Yuri Bashmet: Portrait

A film by Hilary Chadwick

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Yuri Bashmet — Violist

Program notes

The Russian viola virtuoso Yuri Bashmet – whose dark and aquiline good looks and long hair have led to his being called the Paganini of his age – is no ordinary classical musician. Most internationally acclaimed soloists reach their position through early dedication to their chosen instrument, followed by unending hours of practice. In Bashmet’s case, though, it was The Beatles who were the catalyst!

As a teenager, when learning the violin, he became totally absorbed in the music of The Beatles. He created his own pop band, with the result that he spent less and less time studying the violin. A friend suggested that he drop the violin in favour of the larger viola.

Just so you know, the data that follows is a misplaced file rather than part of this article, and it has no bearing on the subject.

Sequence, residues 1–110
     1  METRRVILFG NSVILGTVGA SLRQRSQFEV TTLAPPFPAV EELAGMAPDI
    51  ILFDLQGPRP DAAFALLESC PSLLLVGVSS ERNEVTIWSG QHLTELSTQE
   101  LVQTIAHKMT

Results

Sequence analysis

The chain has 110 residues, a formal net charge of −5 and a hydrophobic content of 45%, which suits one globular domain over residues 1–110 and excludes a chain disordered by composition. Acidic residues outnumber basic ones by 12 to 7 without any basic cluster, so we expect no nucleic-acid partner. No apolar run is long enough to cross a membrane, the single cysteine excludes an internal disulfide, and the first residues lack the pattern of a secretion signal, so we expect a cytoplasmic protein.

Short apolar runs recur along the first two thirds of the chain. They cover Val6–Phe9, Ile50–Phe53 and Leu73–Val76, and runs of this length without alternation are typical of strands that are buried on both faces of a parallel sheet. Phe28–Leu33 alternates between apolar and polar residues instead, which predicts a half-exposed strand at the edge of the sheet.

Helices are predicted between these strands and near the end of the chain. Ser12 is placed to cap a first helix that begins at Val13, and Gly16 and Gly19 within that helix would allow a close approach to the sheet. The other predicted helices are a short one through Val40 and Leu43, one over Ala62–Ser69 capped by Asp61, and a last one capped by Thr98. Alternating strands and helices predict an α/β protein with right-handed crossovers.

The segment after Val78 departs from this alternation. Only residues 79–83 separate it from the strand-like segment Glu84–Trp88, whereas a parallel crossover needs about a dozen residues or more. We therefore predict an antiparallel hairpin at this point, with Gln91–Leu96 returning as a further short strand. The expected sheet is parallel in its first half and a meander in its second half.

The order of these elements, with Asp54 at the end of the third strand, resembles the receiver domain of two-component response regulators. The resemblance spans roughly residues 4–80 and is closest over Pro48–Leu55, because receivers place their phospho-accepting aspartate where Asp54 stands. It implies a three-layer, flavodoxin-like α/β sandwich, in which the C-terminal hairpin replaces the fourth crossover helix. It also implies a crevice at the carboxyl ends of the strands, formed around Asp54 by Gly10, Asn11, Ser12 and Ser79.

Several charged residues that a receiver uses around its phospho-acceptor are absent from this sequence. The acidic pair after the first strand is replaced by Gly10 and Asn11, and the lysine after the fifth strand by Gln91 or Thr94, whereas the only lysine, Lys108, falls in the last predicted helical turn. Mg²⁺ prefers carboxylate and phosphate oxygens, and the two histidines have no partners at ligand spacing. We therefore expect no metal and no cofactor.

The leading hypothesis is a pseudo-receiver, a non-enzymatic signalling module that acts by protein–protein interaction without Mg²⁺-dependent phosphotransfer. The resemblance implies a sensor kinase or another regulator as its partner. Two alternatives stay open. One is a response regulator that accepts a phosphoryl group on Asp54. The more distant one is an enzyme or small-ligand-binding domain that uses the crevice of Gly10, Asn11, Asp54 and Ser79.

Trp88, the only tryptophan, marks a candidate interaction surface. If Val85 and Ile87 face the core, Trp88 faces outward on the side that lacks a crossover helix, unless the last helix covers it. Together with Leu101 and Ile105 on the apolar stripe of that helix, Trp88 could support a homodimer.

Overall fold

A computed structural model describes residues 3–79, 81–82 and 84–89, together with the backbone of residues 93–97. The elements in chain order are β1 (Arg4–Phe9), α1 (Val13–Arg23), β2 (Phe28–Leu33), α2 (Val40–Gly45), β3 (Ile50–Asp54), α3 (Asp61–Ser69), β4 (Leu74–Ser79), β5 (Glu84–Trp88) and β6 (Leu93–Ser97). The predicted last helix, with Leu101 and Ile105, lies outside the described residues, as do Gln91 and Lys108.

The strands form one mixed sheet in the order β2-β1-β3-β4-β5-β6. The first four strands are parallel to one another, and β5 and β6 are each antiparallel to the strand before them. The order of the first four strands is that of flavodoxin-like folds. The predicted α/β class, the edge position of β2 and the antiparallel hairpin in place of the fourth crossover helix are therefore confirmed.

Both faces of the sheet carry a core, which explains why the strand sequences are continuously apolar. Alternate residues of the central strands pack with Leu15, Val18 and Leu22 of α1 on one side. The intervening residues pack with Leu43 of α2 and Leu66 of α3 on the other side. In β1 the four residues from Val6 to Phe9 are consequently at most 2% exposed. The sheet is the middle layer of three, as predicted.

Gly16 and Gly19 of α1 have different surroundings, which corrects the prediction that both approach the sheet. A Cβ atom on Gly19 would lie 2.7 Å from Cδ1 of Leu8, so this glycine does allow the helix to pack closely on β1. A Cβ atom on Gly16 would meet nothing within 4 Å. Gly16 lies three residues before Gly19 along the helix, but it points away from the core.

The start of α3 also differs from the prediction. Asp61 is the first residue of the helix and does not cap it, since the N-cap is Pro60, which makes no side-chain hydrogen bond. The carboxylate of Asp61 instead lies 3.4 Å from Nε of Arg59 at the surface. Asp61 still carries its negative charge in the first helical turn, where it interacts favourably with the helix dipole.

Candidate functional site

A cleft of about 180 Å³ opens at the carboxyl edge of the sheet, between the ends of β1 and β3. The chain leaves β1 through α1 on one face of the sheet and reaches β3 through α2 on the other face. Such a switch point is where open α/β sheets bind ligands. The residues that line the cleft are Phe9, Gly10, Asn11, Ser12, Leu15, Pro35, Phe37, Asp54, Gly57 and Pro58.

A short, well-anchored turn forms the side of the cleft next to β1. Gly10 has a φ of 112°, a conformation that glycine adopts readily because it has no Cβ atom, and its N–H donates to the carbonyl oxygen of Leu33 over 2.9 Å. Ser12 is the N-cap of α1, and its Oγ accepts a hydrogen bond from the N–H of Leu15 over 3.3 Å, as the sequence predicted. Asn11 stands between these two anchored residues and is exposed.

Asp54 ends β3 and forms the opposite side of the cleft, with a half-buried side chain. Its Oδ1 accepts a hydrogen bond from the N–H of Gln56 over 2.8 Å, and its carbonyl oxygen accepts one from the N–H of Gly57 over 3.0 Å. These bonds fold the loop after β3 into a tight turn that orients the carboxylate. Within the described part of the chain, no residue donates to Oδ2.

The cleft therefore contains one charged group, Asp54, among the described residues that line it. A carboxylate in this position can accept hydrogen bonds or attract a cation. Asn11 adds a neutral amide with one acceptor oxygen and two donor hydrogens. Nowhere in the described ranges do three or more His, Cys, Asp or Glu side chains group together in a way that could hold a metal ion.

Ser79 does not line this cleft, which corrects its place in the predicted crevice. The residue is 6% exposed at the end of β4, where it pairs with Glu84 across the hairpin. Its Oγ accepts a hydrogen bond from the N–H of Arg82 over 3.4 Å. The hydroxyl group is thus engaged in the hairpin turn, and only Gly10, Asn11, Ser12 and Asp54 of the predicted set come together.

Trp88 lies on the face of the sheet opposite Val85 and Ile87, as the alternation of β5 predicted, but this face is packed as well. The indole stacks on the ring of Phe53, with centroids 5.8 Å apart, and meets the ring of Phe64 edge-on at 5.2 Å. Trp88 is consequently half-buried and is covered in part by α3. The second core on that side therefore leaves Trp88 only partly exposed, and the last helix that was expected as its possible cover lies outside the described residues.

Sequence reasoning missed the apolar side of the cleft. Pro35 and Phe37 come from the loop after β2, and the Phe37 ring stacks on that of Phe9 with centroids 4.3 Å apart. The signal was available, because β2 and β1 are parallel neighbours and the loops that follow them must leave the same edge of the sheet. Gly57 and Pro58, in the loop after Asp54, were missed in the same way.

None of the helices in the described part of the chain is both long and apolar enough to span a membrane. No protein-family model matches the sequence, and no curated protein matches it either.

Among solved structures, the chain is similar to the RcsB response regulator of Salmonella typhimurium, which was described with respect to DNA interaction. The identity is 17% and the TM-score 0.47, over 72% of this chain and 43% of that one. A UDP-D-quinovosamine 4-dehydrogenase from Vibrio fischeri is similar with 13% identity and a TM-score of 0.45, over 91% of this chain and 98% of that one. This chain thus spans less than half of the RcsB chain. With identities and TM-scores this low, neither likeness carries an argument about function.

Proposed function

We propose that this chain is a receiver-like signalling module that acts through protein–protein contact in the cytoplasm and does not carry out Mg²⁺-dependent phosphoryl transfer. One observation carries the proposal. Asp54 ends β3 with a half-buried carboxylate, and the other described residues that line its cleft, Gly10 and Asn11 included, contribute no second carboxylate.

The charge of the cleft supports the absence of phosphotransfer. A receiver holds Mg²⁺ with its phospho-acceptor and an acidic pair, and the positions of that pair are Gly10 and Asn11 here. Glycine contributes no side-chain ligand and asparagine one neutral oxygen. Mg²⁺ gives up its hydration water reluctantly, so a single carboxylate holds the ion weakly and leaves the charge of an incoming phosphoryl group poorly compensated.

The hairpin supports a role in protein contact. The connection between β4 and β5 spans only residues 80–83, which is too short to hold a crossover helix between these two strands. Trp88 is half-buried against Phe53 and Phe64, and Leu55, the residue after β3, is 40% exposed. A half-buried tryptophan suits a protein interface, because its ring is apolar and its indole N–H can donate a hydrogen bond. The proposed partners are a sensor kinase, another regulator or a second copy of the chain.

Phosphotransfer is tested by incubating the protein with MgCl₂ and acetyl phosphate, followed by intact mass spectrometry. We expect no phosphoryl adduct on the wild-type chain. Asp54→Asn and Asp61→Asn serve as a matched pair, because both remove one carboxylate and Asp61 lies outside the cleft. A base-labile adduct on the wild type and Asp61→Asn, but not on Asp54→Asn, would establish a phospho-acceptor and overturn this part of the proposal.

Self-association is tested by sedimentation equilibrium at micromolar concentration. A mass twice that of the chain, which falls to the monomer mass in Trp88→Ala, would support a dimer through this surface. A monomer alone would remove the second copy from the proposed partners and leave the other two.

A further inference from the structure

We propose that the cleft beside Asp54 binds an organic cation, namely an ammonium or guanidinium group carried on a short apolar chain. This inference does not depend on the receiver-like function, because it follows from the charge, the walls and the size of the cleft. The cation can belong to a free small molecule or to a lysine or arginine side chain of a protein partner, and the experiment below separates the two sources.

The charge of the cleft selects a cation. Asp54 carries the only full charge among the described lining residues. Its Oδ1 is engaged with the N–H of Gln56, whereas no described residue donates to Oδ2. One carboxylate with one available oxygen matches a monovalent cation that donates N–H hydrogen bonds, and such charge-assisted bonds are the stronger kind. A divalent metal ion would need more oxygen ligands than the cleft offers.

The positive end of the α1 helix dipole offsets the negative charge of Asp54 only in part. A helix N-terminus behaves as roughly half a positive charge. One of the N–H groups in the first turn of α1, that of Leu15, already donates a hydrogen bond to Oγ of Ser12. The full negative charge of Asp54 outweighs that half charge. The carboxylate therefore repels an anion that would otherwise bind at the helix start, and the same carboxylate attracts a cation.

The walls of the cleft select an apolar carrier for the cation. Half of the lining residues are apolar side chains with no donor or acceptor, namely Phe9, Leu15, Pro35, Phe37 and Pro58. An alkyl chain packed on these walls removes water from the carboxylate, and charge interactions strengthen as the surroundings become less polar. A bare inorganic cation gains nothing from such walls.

This programme shows Bashmet at home in Moscow. He is seen giving the Russian première of Monologue for Viola and String Orchesra by the Russian composer Alfred Schnittke and performing with the legendary pianist Sviatoslav Richter, in the Pushkin Museum. It also includes Bashmet discussions about social and musical issues with fellow artists, and improvising on the viola in his Moscow flat.

Bashmet is a man in demand. His string ensemble, the Moscow Soloists, quickly gained a reputation for exciting, fresh interpretations of works by Bach, Schubert and Tchaikovsky. The Soloists, who travel vast distances to attend rehearsals and concerts, are wholly devoted to their Director. In an echo of a former age, he is called by Soloist Matheus Weinzner, “Our master”.

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